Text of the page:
I’m convinced that picking up hobbies that you dropped just before adulthood would be a great injection of happiness for anyone in their grown up life.
I was an only child who was constantly bored by the ‘reading’ and ‘relaxing’ my parents encouraged me to do on lazy summer afternoons in the English countryside where we lived. My parents would often be ferrying me out to after school classes and clubs in an effort to entertain me.
The majority of my weeknights were spent doing art classes, dance classes, learning musical instruments and doing after school sport — rounders, football, tennis, netball, windsurfing, scuba diving. You name it, I would’ve tried it.
When it came to my last two years at school, my hobbies were gradually in decline, I would tell you it was because I wanted more time to do well in exams, but in reality, doing an ‘after school’ activity was seeming increasingly childish and unnecessary.
By the time I had got to University, I had found that I was now rusty at many of my hobbies, or didn’t feel good enough any more, and searching for a club to join to meet new people, I came to a bit of a loss. So why is it that we go through a sudden shedding of the hobbies that we enjoy as children just to become more legitimate adults?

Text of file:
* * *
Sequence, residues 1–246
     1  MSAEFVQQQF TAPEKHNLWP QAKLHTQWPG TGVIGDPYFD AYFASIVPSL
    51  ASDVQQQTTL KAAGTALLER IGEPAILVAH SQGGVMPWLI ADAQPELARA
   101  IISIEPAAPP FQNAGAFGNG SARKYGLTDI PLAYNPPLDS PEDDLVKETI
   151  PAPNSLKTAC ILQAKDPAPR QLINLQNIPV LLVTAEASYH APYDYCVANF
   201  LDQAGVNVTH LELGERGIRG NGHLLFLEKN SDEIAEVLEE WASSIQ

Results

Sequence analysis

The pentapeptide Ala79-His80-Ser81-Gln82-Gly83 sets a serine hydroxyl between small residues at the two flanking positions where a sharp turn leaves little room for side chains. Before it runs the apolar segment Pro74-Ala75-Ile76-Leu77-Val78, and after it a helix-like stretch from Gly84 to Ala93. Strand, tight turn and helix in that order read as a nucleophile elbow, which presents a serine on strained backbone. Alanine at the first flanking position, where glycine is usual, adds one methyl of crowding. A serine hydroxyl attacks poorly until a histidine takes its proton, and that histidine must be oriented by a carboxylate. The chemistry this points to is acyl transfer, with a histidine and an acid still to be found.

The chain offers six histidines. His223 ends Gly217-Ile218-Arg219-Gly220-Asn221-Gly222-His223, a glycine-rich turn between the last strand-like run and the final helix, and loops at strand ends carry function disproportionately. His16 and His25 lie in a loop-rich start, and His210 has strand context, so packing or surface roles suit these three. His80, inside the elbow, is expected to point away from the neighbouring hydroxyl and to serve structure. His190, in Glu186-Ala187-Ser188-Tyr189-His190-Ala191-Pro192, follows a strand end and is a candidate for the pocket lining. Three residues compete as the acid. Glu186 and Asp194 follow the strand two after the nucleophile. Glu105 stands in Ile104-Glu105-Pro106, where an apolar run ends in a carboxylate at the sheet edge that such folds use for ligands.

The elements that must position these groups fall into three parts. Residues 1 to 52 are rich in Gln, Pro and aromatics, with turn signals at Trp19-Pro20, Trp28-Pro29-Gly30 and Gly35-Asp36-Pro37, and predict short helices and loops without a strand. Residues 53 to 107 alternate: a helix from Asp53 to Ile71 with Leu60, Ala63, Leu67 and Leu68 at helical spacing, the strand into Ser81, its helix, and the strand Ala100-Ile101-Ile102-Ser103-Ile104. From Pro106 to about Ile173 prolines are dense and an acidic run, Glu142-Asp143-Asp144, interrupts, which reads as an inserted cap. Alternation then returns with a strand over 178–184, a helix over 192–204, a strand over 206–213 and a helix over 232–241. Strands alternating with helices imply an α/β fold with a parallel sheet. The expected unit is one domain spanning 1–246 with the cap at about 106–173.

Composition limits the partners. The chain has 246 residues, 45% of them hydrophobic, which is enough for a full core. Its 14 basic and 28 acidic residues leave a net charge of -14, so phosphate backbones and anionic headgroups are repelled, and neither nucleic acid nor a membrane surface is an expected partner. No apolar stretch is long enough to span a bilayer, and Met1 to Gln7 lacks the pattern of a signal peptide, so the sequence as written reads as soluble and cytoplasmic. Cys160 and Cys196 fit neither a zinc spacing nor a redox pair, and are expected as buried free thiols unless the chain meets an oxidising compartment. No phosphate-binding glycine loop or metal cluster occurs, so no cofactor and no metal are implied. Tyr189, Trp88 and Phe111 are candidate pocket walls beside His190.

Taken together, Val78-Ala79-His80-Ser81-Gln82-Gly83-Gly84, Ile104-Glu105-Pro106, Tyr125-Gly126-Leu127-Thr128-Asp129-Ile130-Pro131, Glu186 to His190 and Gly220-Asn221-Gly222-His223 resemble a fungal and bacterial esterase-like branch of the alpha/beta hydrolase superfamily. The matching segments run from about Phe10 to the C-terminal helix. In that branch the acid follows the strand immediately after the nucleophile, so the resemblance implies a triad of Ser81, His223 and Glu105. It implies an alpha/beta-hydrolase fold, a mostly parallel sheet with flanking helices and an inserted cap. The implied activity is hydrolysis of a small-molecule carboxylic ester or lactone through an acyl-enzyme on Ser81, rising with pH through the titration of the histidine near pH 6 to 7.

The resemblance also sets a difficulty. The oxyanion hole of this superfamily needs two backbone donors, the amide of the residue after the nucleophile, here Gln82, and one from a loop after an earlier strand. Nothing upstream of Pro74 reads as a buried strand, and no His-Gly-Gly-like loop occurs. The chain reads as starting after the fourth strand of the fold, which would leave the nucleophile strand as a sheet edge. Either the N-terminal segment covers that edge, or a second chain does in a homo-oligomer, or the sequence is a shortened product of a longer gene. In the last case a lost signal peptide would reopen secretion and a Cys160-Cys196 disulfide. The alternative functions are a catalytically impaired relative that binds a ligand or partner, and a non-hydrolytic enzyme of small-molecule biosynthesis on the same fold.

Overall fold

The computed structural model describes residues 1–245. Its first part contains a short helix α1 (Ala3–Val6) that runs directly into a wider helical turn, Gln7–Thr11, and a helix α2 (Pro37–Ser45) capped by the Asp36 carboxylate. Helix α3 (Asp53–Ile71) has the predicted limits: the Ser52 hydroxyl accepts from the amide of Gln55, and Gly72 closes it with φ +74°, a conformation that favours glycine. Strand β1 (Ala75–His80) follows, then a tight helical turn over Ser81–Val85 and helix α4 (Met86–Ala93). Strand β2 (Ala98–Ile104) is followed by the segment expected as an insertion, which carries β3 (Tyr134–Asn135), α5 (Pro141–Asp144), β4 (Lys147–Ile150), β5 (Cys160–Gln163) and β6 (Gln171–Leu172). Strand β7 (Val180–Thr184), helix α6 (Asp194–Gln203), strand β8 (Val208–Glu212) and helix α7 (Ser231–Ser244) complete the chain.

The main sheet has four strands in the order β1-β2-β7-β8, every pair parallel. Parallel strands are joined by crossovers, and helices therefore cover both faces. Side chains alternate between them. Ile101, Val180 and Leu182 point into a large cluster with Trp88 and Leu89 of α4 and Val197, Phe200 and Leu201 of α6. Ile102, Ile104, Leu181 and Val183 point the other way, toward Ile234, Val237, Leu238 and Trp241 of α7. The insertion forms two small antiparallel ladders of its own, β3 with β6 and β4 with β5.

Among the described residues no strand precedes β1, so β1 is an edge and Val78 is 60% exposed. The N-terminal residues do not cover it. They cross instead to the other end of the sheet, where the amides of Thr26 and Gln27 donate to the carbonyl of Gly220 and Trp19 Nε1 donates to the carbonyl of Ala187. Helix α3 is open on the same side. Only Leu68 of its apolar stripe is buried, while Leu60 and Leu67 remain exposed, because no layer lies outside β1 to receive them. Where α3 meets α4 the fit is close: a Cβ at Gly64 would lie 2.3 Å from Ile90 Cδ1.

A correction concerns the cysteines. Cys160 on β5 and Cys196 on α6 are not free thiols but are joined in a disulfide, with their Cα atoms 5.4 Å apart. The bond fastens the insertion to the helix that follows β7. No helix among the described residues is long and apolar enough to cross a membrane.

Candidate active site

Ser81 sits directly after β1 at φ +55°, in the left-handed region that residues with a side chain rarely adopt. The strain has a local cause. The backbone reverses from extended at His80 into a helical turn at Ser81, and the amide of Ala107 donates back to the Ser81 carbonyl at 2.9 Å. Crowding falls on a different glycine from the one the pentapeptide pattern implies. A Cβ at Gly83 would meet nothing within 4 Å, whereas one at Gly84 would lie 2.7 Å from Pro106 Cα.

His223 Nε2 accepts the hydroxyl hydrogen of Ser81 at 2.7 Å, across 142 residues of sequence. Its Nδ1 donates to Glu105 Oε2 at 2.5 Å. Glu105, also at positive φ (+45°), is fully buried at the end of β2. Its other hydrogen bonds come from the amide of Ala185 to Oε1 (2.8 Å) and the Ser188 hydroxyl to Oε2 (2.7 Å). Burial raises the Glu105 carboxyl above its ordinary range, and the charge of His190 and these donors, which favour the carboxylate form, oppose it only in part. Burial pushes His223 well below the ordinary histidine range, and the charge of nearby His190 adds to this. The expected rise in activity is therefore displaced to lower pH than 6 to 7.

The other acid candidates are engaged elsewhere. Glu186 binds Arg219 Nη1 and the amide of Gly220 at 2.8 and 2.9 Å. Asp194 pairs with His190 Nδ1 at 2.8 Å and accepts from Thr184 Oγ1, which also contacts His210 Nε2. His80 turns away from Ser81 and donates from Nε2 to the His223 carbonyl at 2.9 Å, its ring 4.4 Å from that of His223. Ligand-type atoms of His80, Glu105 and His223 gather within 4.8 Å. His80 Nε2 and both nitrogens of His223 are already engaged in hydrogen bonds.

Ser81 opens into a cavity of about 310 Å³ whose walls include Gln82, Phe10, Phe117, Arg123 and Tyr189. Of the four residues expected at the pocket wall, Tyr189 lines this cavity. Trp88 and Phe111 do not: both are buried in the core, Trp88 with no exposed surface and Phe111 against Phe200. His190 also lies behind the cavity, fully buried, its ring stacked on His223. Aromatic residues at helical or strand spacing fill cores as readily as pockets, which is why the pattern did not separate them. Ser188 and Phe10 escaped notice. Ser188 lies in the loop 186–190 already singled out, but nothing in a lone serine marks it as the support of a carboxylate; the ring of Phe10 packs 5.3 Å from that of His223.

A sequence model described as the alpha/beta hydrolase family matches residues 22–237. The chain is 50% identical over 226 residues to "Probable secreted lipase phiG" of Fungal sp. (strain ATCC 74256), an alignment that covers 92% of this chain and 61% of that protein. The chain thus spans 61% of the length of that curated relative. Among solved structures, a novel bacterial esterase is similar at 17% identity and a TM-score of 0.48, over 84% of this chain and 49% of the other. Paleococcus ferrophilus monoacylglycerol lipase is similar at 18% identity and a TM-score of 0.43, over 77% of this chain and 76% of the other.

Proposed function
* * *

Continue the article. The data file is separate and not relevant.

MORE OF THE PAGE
As adults, we are quick to excuse our lack of hobbies due to having no time after work, household chores taking up our free time, or even that we are too tired in the evening, especially here in the UK.
Friends of mine admit to having no hobbies outside of work and possibly the gym, and look at me strangely when I suggest taking up the after school activities they enjoyed as a child, such as team games, even doing art or playing creative video games.
I know my younger self would be puzzled and disappointed at the lack of activities I kept up, mainly because these are the things I looked forward to most in the day.
I would never just fill my life with what I did at school from 9am-3pm, so why should we do that as adults?
It is my belief that life is all about doing what you enjoy, and too many of us simply don’t do enough, or any of what we truly wanted to get out of life as children.
I have recently been spending time in Vancouver, Canada, and have been surprised by the number of adults who enjoy hiking, skiing, canoeing, camping, photography, and any number of indoor activities as well.
Canadians, on the West Coast at least, have far more time for themselves and their interests that make them who they are, and to be honest, make them more interesting people. I recently learned that asking ‘what do you do?’ in Vancouver, can refer to what hobbies you enjoy, rather than your work life.
If who we are is to be shaped by the interests we develop as children, then it says a lot about us if we never even kept up those interests. Those who develop their passions into adulthood are more likely to have a healthier work life balance, be more creative, and work in something which fulfills them.
Now I’m not saying you should start playing with Barbies or Lego again, but hey, if you were naturally so drawn to this as a child, then maybe it’s your true calling in life?